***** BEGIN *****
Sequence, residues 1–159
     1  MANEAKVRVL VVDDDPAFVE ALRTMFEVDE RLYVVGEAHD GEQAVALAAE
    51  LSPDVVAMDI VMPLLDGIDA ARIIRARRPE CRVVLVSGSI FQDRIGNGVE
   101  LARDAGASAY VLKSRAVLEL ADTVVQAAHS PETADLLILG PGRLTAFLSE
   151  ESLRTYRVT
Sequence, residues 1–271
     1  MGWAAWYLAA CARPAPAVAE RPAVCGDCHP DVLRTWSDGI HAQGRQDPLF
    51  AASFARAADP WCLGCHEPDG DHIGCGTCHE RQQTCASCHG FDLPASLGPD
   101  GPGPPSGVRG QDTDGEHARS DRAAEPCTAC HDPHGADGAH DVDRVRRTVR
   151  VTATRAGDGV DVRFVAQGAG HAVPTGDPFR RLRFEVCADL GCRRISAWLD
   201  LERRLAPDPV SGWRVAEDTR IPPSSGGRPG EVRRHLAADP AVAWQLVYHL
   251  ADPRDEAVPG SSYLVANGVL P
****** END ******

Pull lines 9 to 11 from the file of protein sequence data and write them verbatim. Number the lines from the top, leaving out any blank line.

   101  GPGPPSGVRG QDTDGEHARS DRAAEPCTAC HDPHGADGAH DVDRVRRTVR
   151  VTATRAGDGV DVRFVAQGAG HAVPTGDPFR RLRFEVCADL GCRRISAWLD
   201  LERRLAPDPV SGWRVAEDTR IPPSSGGRPG EVRRHLAADP AVAWQLVYHL